The federal court case hasn’t had significant movement in recent months but a hearing is set for April 7 in the Circuit Court case.
Eyster, who contends the 24.53 acres are worth $10 million, said the city is starting this project “at their own peril. It’s one that comes from horrible leadership." If Garrett wins its challenge to the appraisal amount in Circuit Court, the additional costs would fall on the city.
Eyster said the city risks losing the BUILD grant if it loses the federal court case.
Ladner said he’s discussed the project, which the previous City Council approved, with a number of people and most believe the city should move forward on it.
“There’s a little risk, but I think the reward potential outweighs the risk,” Ladner said.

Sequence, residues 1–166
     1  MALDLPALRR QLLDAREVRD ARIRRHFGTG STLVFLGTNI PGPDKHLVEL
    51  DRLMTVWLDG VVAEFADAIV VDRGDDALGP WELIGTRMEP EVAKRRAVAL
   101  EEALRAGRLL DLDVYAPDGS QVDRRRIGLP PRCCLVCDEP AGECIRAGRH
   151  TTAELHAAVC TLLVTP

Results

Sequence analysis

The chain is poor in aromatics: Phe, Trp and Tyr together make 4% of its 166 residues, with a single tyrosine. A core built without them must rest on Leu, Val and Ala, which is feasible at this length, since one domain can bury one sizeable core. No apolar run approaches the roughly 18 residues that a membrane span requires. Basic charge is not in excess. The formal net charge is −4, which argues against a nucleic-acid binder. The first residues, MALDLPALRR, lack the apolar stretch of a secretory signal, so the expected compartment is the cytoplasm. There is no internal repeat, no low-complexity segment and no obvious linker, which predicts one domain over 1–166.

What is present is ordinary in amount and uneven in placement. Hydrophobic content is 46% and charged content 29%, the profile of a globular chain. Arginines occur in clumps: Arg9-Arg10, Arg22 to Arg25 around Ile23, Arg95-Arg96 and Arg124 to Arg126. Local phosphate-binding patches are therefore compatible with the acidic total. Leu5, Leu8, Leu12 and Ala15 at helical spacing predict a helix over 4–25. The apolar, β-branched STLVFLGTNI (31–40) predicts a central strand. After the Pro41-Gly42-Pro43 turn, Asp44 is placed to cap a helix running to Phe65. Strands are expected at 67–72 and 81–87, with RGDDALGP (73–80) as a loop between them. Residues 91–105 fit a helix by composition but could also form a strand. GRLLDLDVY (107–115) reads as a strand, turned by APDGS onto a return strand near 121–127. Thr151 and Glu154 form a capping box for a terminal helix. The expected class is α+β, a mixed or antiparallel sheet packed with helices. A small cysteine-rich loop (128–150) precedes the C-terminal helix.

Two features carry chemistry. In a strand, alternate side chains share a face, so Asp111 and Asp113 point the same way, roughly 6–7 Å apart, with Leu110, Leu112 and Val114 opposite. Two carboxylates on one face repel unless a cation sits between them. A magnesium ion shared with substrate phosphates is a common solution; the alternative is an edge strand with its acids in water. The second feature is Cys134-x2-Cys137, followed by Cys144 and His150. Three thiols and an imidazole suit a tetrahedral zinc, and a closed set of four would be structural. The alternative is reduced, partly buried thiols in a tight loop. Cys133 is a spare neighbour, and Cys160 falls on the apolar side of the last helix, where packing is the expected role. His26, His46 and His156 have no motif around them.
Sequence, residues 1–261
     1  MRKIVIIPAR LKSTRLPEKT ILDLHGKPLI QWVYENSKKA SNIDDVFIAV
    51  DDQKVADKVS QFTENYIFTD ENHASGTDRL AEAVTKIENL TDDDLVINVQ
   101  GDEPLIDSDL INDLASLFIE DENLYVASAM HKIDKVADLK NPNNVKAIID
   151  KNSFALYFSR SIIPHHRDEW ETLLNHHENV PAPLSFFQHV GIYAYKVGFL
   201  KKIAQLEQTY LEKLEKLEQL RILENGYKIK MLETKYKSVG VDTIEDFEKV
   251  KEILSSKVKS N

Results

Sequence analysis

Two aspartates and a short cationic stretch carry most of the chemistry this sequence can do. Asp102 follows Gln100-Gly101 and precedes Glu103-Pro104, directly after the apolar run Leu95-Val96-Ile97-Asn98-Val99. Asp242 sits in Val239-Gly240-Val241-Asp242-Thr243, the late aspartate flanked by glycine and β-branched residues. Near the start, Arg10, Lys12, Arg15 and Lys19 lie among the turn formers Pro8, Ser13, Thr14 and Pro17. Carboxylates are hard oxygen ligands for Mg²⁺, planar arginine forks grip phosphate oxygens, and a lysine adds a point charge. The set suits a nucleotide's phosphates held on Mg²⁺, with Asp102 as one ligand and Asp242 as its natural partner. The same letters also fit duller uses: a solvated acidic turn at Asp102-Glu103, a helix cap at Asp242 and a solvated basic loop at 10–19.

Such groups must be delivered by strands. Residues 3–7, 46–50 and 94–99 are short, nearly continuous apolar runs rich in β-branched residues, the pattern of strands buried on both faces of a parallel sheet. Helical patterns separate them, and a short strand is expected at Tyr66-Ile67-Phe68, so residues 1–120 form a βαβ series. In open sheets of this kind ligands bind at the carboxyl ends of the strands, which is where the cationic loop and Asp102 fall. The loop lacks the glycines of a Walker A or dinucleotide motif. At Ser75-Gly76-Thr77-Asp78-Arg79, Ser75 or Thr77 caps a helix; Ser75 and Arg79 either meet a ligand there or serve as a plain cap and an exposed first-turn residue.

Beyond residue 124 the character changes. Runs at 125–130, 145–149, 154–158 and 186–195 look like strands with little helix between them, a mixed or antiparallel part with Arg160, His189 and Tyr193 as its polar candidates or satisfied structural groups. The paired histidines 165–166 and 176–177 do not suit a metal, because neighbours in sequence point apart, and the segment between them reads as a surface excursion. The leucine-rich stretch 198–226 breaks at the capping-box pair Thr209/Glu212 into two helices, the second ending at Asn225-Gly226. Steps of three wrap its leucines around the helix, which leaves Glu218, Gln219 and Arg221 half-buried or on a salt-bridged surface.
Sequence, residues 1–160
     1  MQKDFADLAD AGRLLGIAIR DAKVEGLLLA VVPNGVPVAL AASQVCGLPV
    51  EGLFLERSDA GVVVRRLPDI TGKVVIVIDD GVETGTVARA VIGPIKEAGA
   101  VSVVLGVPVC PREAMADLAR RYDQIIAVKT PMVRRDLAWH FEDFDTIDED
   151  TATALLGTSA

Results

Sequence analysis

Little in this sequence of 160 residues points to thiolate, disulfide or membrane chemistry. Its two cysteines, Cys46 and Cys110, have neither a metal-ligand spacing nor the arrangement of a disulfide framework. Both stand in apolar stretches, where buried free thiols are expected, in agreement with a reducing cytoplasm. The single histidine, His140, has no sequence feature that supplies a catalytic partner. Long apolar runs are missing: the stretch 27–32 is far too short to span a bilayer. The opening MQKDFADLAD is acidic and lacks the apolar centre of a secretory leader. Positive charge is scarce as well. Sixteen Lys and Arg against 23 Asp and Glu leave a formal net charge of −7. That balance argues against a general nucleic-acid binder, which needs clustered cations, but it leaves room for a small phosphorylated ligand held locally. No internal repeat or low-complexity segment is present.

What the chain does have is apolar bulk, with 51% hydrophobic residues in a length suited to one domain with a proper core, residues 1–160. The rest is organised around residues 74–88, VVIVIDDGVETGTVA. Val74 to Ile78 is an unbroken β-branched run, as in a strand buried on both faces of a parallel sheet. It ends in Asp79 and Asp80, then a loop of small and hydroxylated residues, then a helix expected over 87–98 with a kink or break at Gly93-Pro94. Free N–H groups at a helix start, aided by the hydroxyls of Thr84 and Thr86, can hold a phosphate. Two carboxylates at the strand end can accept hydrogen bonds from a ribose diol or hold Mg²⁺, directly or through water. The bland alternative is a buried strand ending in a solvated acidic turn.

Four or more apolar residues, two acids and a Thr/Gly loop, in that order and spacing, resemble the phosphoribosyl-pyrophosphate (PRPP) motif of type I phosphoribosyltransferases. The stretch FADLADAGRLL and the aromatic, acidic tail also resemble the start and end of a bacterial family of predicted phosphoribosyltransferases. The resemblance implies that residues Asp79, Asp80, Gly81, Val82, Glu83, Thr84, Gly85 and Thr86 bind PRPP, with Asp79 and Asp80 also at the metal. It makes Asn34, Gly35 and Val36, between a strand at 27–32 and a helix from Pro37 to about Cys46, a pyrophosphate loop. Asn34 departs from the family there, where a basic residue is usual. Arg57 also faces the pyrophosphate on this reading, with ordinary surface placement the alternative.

The Garrett trustees don’t like the overpass design, which Eyster called “convoluted.” The design features roundabouts that are unusual in Alabama and includes ramps, a new access road, improved highway lighting, and accommodations for safe pedestrian access.
The design also takes more of the Garrett property than Eyster thinks is necessary. He would prefer the traditional exit designs like those used off I-565 in nearby Greenbrier and Mooresville.
Eyster claims the deceleration lane on the north side blocks the potential of development on the Garrett and former RaceTrac properties, hurting the value of the rest of the Garrett land that’s not in the right of way.
Prewitt disagreed with Eyster, saying he believes the Garrett property will benefit from the overpass because of the increased safety it provides.
A Circuit Court motion filed Feb. 19 by Garrett attorney Michael Brown objects to the city’s right to take the property. Brown wrote that the overpass was “specially designed to serve” the now-defunct Sweetwater project with a Bass Pro Shops as its anchor.